The Earth's lithosphere, hydrosphere, and atmosphere are profoundly influenced by the activities of microorganisms. Geobiological processes that underpin modern biogeochemical cycles also shaped ancient environments, from the formation of authigenic mineral deposits, to the oxygenation of Earth's early atmosphere. My primary scientific interest is to better understand interactions between the biosphere and geosphere in both modern and ancient settings.
In order to accomplish these goals, our lab takes the following approaches:
We study microbes and their metabolisms with the goals of better understanding their biology, evolution and biogeochemical significance. In some cases, we work with organisms that we have isolated. In other cases, we employ culture-independent approaches such as metagenomics, metatranscriptomics, and itag/amplicon-enabled community characterization.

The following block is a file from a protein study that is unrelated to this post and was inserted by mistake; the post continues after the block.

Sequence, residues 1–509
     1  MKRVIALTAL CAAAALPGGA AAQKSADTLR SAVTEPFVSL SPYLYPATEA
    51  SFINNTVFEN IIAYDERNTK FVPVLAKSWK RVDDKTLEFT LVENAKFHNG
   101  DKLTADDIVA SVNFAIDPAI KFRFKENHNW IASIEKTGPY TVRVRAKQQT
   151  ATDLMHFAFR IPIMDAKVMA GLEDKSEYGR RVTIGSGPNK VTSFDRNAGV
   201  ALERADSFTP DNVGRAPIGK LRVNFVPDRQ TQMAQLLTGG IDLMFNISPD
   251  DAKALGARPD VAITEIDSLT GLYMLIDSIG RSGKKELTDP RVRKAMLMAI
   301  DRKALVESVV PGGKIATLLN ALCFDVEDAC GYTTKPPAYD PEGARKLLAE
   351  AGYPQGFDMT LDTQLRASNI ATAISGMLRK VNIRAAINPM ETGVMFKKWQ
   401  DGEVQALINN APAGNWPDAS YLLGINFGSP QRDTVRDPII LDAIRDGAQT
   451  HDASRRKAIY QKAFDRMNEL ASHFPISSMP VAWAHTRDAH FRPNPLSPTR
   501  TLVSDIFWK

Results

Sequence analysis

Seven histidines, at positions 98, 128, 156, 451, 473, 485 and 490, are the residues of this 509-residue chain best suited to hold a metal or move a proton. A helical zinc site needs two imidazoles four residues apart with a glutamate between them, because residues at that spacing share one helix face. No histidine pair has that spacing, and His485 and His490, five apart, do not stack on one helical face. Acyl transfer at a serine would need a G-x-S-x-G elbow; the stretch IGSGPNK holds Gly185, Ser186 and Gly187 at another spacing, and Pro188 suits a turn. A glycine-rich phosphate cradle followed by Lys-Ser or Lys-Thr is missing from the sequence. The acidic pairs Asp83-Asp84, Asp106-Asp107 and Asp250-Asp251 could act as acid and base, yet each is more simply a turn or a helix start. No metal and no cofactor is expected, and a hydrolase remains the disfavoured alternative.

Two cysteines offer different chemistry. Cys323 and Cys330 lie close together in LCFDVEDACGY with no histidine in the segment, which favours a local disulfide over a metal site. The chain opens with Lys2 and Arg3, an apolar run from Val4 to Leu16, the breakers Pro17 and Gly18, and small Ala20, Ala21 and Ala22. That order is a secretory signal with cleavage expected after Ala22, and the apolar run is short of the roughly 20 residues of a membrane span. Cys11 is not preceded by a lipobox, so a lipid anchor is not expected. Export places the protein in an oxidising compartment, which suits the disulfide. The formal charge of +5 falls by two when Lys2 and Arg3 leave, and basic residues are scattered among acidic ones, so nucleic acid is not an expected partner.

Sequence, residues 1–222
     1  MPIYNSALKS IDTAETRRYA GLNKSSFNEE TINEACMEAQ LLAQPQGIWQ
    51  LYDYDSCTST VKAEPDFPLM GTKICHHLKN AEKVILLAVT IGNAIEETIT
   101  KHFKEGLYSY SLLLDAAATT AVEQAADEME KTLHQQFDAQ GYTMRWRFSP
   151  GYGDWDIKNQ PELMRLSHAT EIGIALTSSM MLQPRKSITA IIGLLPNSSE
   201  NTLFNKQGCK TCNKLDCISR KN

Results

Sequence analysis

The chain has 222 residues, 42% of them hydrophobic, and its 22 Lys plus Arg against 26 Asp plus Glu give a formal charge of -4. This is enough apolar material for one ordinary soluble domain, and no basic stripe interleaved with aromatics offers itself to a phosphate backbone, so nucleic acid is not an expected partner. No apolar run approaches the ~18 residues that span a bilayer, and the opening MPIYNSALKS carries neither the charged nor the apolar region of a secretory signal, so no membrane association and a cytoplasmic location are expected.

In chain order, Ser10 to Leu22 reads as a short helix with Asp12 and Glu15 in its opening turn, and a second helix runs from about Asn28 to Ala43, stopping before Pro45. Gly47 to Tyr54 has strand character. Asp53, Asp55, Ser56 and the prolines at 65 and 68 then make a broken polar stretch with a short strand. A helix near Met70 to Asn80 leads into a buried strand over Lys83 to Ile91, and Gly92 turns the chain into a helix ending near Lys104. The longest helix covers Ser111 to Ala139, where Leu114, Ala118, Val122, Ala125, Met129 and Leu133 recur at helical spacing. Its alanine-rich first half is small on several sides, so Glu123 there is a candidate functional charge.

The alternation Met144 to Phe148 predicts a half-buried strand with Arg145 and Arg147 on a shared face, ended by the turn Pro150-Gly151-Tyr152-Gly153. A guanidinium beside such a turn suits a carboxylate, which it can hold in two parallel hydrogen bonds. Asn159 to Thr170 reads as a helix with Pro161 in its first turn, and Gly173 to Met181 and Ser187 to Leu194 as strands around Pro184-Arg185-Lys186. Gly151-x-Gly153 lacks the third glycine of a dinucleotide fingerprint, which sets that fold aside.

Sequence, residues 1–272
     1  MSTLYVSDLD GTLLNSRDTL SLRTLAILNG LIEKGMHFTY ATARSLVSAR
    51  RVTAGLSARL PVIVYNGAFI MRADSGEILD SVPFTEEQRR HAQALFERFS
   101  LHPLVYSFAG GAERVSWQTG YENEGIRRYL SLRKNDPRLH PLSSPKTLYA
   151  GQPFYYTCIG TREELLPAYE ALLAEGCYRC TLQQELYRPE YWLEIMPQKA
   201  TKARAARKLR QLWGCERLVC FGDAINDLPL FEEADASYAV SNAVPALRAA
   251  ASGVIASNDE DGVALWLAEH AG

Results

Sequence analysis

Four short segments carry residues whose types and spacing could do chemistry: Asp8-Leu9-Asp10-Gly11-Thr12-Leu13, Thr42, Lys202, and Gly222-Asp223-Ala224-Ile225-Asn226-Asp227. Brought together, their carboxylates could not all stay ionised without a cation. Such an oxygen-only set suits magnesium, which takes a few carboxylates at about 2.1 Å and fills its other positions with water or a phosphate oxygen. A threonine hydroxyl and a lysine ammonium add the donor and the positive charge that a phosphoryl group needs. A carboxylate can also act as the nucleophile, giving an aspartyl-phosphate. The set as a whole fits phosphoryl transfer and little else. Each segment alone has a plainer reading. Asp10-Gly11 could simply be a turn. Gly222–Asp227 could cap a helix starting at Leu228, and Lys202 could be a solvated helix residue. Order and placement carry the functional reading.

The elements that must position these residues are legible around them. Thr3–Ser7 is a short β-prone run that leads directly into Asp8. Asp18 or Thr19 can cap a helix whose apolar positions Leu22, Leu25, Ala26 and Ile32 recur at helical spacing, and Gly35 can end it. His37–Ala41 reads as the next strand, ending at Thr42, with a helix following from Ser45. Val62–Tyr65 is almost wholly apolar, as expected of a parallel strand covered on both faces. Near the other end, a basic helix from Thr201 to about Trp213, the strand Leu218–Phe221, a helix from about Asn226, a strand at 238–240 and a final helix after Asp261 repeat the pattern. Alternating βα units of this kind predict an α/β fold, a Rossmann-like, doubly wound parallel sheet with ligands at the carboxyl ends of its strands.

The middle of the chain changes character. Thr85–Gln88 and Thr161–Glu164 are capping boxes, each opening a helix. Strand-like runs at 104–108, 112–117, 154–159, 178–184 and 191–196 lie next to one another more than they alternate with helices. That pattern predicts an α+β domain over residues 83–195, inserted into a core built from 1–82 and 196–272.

We study sulfide-oxidizing lithotrophs, especially the world's largest bacteria - Thiomargarita spp.
We study polyphosphate metabolism and its role in diverse environments, from ocean sediments to dental plaque
We actively seek to establish new methods, such as immunodetection, for detecting and studying modern and ancient microbial activity.
Active Research and Interests
Investigating the ecophysiology and genomics of sulfide-oxidizing bacteria such as Thiomargarita
Exploring the role of sulfur-oxidizing bacteria in the precipitation and dissolution of authigenic minerals
Understanding the role of polyphosphate metabolism(s) in sediment geochemistry and human dental caries
Exploring the metabolic and ecological diversity of chemolithoautotrophic microbes
Developing antibodies as in-situ organic biomarker detection tools